In addition, the GEN religion urges GENs to accept their servitude as both a trial and a way back to the hands of the Infinite. Again, for those who missed it in history class, slavemasters and preachers frequently used religion to persuade slaves to docilely accept their oppression in life, promising rewards in the Hereafter.
GENs have been created in all different shades. Kayla’s friend Mishalla has pale skin and red hair. Kayla’s nurture-brother Jal is black-skinned while Kayla is a paler brown. The one unifying feature is the tattoo on their cheek, linking to their inside circuitry. Trueborns and their enforcers use these tattoos like USB ports, uploading or verifying a GEN’s date. If they decide a GEN is too rebellious or even just irritating, they use the tattoo to reset them.
For humans, however, skin color indicates social standing. Kayla recalls what she learned in the Doctrine school, which every young GEN attends: “Darker color was better, but only to a point. Devak’s [rich medium-brown] skin was perfect…but more than a few tones in either direction could mean demi. Someone as dark as Jal would certainly be minor status if they were trueborn at all—more likely they’d be lowborn. And too-light skin would bump a trueborn into minor-status as well unless, like Livot’s family apparently had, they’d bought their way into a demi status.” Devake’s friend Junjie Tsai has skin “a shade or two too pale and tinged with gold.” The Tsai family’s pale skin places them on the lower edge of demi status.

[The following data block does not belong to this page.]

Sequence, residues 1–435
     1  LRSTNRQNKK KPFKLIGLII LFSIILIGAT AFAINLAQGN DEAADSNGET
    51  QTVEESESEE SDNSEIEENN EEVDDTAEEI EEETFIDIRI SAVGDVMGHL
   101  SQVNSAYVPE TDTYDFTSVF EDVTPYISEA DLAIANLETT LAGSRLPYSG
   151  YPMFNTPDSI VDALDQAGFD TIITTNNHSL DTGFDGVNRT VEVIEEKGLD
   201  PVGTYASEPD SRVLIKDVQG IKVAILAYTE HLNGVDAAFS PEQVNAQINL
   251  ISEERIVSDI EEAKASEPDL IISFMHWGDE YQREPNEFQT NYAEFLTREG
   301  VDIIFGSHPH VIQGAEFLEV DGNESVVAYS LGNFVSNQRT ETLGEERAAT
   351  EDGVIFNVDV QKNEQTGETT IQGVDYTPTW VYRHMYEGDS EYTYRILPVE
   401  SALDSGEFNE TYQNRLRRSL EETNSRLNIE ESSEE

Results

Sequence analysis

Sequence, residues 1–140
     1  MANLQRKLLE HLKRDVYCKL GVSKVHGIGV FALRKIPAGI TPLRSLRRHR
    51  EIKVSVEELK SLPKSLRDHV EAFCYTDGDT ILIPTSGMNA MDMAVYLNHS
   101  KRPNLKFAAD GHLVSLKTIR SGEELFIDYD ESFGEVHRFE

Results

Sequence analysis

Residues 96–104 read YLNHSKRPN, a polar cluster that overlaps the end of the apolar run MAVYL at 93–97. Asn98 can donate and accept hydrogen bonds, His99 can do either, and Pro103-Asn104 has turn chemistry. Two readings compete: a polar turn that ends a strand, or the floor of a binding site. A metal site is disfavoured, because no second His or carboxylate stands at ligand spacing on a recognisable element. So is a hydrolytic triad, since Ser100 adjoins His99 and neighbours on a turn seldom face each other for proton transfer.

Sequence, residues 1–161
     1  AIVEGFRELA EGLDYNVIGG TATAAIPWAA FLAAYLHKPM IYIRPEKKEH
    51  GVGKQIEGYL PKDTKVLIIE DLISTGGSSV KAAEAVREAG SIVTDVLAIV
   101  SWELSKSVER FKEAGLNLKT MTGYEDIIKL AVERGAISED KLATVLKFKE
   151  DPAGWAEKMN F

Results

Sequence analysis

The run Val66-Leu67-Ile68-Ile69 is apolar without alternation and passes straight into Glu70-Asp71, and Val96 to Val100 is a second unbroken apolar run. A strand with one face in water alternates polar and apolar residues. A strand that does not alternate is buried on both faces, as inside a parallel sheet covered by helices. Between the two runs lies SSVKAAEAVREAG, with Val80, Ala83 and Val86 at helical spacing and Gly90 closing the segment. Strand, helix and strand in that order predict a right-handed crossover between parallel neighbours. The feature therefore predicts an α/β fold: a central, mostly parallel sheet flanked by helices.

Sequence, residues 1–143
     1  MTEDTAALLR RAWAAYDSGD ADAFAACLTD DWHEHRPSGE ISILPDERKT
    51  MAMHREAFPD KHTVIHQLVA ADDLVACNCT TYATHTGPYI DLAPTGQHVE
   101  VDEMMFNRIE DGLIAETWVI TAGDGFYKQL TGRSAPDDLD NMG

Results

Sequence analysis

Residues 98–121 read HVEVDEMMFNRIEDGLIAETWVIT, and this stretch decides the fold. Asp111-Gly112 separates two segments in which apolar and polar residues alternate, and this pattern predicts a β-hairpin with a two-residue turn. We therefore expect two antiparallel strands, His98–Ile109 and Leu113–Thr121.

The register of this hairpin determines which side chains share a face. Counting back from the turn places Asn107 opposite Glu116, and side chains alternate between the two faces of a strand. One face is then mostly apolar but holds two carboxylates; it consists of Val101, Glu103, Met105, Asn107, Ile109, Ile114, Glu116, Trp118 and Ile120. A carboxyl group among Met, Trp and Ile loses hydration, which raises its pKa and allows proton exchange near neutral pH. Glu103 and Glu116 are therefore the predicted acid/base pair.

All of these systems have been firmly entrenched by the time Kayla has turned fifteen. While these injustices frustrate her, she doesn’t challenge them. She is assigned to the house of the high-status Trueborn Manel family, where she engages in spirited debates about the oppression of the GENs with Devak, the Manels’ teen son. Some of Kayla’s points mirror arguments about the humanity of African slaves and their descendants. When Devak attempts to defend GEN enslavement by pointing out their animal DNA, Kayla responds, “But the animal part of me is so small. The tiniest scrap. Why is the whole GEN non-human when such a small bit is animal?” These arguments echo the “one-drop rule” adopted in the United States South—if a person had even one drop of African blood, they were considered black and subject to all race-based restrictions and legalized injustices.
The debates about status continue in Sandler’s newly-released sequel Awakening. Within the movement to liberate GENs, trueborns make decisions on behalf of their GEN comrades. They tell the GENs only what they feel they need to know while uploading secret packets of information for them to pass along. It makes me wonder if this is how some of the American abolitionist groups functioned. I certainly know of many contemporary political groups that work this way today.
While Sander may not have intended to link Loka’s hierarchy to American history, I hope that readers of Tankborn and Awakening can draw connections to the ways that race and class have been—and are still—used to pit people against each other in their own home countries. We all know this shameful history—and present-day practice—isn’t limited to India and the United States, right?